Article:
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Oncology professor using R01 grant to explore origins of common adult onset diseases

Melissa Runge-Morris, M.D., professor in the Department of Oncology at the Barbara Ann Karmanos Cancer Institute and director of the Institute of Environmental Health Sciences (IEHS) at Wayne State University’s School of Medicine, was awarded a five-year, nearly $2 million R01 grant from the National Institute of Environmental Health Sciences section of the National Institutes of Health to explore determinants of susceptibility in common diseases such as diabetes, atherosclerotic heart disease and various cancers.

All of these diseases are considered to be adult-onset pathologies, but the research team is exploring the possibility of origins during early periods of human development.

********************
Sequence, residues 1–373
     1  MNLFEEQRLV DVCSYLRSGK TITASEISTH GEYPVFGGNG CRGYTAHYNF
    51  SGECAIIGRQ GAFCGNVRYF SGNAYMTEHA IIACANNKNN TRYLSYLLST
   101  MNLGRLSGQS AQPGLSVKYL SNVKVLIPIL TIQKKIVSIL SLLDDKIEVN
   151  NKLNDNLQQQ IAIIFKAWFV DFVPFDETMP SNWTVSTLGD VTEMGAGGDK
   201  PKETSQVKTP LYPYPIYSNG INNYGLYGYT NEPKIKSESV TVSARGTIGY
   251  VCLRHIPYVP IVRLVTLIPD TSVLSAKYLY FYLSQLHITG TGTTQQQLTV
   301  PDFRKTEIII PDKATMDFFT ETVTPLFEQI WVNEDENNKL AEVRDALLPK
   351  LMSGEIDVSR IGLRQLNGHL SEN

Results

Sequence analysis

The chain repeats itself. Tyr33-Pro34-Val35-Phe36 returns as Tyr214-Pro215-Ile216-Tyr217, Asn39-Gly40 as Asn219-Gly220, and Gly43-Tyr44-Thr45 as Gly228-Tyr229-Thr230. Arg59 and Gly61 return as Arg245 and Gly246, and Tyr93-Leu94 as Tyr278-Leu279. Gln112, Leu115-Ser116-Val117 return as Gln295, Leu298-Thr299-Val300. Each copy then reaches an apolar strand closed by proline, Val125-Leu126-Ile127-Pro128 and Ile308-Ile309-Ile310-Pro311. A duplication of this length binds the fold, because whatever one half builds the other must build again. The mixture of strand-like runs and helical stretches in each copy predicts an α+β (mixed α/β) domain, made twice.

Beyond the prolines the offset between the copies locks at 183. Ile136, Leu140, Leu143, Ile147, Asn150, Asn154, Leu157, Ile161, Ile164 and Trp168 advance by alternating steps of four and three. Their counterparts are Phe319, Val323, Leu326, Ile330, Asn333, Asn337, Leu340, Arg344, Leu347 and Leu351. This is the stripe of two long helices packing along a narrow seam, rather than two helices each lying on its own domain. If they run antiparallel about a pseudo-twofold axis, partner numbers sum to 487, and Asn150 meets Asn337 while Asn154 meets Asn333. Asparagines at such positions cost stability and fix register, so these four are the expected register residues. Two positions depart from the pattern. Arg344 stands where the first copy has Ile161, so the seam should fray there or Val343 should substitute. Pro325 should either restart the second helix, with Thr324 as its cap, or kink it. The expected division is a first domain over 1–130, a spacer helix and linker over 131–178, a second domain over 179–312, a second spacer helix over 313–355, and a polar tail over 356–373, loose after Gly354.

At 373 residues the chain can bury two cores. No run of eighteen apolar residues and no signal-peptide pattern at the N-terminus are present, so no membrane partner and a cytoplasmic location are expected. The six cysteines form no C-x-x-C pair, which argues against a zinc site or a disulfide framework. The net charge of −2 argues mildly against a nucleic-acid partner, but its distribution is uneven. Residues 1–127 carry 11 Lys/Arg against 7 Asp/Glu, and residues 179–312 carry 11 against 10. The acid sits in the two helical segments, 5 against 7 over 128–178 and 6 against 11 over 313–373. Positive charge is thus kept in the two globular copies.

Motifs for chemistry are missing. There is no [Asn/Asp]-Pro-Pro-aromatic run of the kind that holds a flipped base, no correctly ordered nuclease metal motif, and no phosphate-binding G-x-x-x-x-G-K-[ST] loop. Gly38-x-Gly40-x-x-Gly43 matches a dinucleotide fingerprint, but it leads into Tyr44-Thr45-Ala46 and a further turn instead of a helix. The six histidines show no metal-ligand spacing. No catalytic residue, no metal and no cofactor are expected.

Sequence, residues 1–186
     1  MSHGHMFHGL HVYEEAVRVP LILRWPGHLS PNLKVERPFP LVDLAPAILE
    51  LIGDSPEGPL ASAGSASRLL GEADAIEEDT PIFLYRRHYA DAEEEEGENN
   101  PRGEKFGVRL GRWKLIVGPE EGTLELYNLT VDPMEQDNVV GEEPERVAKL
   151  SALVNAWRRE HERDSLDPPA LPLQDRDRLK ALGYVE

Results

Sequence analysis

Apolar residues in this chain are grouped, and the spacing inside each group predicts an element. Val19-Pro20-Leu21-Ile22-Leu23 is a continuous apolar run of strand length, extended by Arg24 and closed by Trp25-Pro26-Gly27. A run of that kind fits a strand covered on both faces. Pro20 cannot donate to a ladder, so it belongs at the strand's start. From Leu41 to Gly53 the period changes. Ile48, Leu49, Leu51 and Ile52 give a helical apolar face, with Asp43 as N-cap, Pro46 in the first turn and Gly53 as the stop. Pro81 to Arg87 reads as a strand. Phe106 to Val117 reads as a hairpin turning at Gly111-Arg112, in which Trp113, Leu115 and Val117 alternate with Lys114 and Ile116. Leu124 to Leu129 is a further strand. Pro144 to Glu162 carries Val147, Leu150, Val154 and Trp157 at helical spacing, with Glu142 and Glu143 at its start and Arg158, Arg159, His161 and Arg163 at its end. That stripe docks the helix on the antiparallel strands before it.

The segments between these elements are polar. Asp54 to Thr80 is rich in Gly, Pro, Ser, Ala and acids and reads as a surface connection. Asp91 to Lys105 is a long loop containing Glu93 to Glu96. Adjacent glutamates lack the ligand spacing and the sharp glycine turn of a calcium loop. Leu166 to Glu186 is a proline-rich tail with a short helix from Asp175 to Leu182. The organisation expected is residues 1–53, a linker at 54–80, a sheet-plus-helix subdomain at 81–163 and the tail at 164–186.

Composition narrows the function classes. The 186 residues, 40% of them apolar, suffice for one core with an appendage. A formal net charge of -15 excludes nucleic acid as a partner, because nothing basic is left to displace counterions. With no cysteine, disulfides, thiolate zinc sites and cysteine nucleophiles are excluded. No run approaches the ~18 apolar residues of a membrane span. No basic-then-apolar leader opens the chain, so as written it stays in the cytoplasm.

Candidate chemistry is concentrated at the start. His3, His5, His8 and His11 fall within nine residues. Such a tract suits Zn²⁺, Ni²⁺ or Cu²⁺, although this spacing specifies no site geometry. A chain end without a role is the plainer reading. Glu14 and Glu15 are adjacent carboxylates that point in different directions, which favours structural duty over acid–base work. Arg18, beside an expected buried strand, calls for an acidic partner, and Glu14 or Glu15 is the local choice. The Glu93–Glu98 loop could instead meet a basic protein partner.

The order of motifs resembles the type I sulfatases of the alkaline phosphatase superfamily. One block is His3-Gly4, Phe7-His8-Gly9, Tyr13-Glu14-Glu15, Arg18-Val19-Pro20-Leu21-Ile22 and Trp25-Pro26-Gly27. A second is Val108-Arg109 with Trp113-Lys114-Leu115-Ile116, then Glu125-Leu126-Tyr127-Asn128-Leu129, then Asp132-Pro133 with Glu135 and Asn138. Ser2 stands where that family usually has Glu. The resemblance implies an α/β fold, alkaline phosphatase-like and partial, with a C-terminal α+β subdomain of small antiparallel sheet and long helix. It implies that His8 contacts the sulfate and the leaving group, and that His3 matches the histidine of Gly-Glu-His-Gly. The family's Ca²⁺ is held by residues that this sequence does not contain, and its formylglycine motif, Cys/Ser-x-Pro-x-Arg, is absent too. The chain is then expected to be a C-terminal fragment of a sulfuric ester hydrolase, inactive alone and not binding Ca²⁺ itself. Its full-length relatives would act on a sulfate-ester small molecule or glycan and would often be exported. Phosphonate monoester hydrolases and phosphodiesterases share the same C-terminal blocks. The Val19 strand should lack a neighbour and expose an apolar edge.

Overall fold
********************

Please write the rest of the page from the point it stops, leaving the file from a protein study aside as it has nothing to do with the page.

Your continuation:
Led by Dr. Runge-Morris, researchers at Wayne State, University of Alabama at Birmingham and University of Pittsburgh will work on “Expression, Regulation and Function of the SULT1C Carcinogen-Activating Enzymes."

"Our long-term goal is to understand how sulfotransferase enzymes might impact drug efficacy and safety, as well as susceptibility to environmental carcinogens and modulators of metabolic processes," said Dr. Runge-Morris.

Thomas Kocarek, Ph.D., also of IEHS and associate professor of pharmacology, is co-investigator of the project.

The project number for this National Institutes of Health R01 grant is ES022606.


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